Measuring well is knowing what to do,” is the quote with which the report from the Dutch National Rapporteur Human Trafficking begins. But to what extent does the author of the report succeed in measuring well, and with those results deciding on the correct actions? While reading the 430 page report, I noticed that these critical questions went virtually unaddressed. And they should be adressed, because the author falls short. She fails at measuring well, and she fails in knowing what to do, and she fails in realising what disastrous results her inadequate efforts have.

Sex work is legal but regulated in The Netherlands.

Measuring well is knowing what to do.

Measuring well means that you take note of and register victims of human trafficking. That you identify victims is called ‘sensitivity’ — your method of measuring is sensitive enough that it detects actual cases. But measuring well also means that you don’t incorrectly register people who are not victims as being victims. You have to be able to separate the chaff from the wheat, and that’s called ‘specificity’.

However, the author recommends in all cases to stuff more chaff in with the wheat. Particularly to register individuals as victims more frequently, regardless of if there is an indication of actual trafficking. At the same time, she acts as if the false positives (reports of suspicion of trafficking when it is not actually occurring) are not a big deal, and are comparable with the number of false negatives (no report in cases of actual trafficking). See, for example, the following graph (page 28):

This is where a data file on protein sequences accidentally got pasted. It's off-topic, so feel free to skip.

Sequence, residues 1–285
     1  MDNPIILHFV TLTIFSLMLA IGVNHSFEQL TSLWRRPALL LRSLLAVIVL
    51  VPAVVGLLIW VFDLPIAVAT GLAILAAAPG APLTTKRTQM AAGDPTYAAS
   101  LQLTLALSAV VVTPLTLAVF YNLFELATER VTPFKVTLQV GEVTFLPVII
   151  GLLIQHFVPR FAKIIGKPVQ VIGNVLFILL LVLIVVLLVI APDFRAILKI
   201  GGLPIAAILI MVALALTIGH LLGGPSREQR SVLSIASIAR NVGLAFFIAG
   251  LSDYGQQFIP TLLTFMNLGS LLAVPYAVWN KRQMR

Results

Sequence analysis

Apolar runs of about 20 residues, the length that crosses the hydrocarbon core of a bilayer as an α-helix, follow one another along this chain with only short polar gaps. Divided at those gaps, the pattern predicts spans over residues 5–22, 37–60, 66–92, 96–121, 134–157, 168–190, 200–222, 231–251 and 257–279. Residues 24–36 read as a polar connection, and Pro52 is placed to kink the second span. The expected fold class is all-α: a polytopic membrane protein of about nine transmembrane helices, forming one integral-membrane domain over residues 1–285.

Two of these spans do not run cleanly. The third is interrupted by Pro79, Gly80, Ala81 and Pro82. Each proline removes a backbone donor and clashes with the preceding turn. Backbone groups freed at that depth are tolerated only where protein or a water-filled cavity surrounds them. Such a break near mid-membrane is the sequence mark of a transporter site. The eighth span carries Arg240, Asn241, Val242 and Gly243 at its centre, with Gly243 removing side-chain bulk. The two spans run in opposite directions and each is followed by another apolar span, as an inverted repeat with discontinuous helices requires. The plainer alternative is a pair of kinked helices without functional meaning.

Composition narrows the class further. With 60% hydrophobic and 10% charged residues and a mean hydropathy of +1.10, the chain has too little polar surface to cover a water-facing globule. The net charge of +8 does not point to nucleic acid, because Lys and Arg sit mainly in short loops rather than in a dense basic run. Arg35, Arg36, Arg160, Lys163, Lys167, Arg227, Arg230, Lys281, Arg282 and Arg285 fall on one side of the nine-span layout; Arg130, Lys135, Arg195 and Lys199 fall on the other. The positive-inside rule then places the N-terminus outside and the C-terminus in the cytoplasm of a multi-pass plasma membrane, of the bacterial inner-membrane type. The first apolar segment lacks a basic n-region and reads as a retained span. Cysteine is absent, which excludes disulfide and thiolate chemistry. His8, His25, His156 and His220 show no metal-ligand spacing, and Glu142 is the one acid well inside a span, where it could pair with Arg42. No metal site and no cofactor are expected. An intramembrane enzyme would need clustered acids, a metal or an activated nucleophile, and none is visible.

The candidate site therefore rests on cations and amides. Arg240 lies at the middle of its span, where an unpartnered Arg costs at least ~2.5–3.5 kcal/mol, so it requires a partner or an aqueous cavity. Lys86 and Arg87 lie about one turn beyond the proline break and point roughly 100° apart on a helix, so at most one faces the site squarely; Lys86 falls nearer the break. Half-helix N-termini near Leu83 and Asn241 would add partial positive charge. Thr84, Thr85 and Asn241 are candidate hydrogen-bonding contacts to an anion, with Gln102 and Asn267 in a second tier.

This graph shows the number of false positives as being smaller than the false negatives and ‘dark number’ together, which suggests that the scope of the problem is bigger than the represented numbers. But are there really so few false positives? I was pretty shocked when I saw the following example in the report:

In the course of the controls of the so-called “risk flights” out of Bulgaria, the ‘sluisteam’ (part of the border control) of the KMar [Koninklijke Marechaussee: Royal Dutch Marechaussee, or Marshals] spoke with a Bulgarian woman. This woman has been checked multiple times by the KMar when she arrived in the Netherlands, and she indicated that this was tedious. She claims to (“still”) not have anything to do with prostitution. This time she says that she is coming to the Netherlands for 3 days to visit a number of friends.  From further observation by the KMar officers to identify a possible person picking her up it seems that the woman went to the information desk of the Dutch Railway (Nederlandse Spoorwegen or NS), then made contact with someone via a public telephone, and made contact with someone again with her mobile phone. She subsequently left the airport by train. The KMar registered the woman with CoMensha. (Page 78)

Reports of possible victims of human trafficking are registered with CoMensha, the Dutch coordination centre for human trafficking. The number of reports in the last few years has increased significantly.

What do these increases mean? Various explanations are possible. It could be that there’s more awareness in different organisations, causing more signals of human trafficking situations to be seen. Or could it be that there’s more capacity for detection, which causes human trafficking to be more visible? (Page 21)